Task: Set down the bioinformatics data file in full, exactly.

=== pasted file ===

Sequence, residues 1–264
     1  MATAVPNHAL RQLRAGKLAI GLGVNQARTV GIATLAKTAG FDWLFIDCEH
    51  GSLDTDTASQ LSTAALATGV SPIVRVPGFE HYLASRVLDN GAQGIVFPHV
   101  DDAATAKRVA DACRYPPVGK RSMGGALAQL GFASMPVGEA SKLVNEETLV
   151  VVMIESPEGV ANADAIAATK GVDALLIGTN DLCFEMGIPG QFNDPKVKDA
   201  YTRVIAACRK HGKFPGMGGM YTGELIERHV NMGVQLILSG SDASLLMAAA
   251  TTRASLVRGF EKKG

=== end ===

Sequence, residues 1–264
     1  MATAVPNHAL RQLRAGKLAI GLGVNQARTV GIATLAKTAG FDWLFIDCEH
    51  GSLDTDTASQ LSTAALATGV SPIVRVPGFE HYLASRVLDN GAQGIVFPHV
   101  DDAATAKRVA DACRYPPVGK RSMGGALAQL GFASMPVGEA SKLVNEETLV
   151  VVMIESPEGV ANADAIAATK GVDALLIGTN DLCFEMGIPG QFNDPKVKDA
   201  YTRVIAACRK HGKFPGMGGM YTGELIERHV NMGVQLILSG SDASLLMAAA
   251  TTRASLVRGF EKKG